KABUL, September 14 (Pajhwok Afghan News): For Hindus and Sikhs minorities together, a solitary Wolesi Jirga (lower house of parliament) seat has been reserved in Sunday’s elections, for which an active woman is in the run.

Dwelling in this capital city, a number of Hindus and Sikhs complain they avoided standing in the polls because the government gave the minorities a raw deal – treatment that tended to lower them in status and public esteem.

Robinder Singh, gazing at candidate posters plastered on a wall from his shop in the bustling Kabul Market, asked: “Knowing full well the government has done nothing for our wellbeing over the last three years, why should we jump into the electoral race?”

Speaking to Pajhwok Afghan News, a skeptical Singh believed nobody would heed the voice of their representatives even if they were catapulted to the Wolesi Jirga and provincial councils.

According to information provided by Anarkali, a Hindu-Sikh contender for the first post-Taliban ballot, some 3,500 members of the minority communities are currently living in Kabul, Ghazni, Nangarhar, Khost and Balkh provinces.

She explained the number of Hindus and Sikhs in the Central Asian country had been depleted by their mass exodus, triggered by decades of strife. The suave, urbane woman recalled about a hundred thousand Sikhs and Hindus in Afghanistan would often slam the Dr. Najibullah government for giving them short shrift.

“They didn’t file nomination papers for the elections, because no one is willing to grant them their due rights. As a result of the continued indifference shown to them, they are least interested in Afghanistan’s political and governmental affairs.”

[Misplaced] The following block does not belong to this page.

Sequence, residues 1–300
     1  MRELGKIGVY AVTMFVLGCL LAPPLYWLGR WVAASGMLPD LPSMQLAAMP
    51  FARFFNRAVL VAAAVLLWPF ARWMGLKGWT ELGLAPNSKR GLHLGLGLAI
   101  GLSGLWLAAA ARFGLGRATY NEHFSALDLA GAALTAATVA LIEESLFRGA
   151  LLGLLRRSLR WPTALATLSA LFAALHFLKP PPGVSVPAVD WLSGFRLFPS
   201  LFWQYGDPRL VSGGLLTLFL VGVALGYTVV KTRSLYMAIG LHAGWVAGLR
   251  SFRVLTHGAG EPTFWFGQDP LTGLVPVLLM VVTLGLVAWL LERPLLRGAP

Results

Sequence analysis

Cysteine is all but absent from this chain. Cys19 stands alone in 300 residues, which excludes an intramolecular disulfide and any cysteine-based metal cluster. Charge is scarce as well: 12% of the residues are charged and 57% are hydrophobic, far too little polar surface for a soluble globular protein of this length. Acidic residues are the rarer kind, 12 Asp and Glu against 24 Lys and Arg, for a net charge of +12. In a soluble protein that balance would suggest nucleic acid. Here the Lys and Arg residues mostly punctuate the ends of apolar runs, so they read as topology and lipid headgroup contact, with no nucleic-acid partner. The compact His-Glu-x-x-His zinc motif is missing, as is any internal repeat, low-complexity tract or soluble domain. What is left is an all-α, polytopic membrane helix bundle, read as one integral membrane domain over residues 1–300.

Anarkali, who represented the two minorities at the constitutional and emergency Loya Jirgas, urged candidates to treat voters equally, regardless of religious, ethnic and linguistic considerations.

A resident of the Karta-e-Parwan neighbourhood, Narender Singh echoed the views of the urbane Hindu woman and Robinder Singh. They were not treated like Afghans, he grumbled, arguing the discrimination had left them disillusioned with the whole thing.

But Mohammad Ishaq Nasiri, a high-ranking official at the Ministry of Border and Tribal Affairs, is dismissive of the criticism from the minorities. “We have the same respect for Hindus and Sikhs as we show to other Afghans.”

He claimed, like the rest of the communities, they were invited to Afghanistan’s cultural and national festivals to promote national cohesion. “They can’t blame us for their failure to contest the vote,” remarked Nasiri, who reasoned the government would have ungrudgingly reached out to them if they had entered the race.

Nasiri pointed out the government had returned Hindus and Sikhs the lands and property wrested from them by gunmen during the civil war. Under the Afghan constitution and the electoral law, people of all faiths could contest the legislative elections – the first in 30 years.


Reported by Zubair Babakarkhel & translated by Mudassir Ali Shah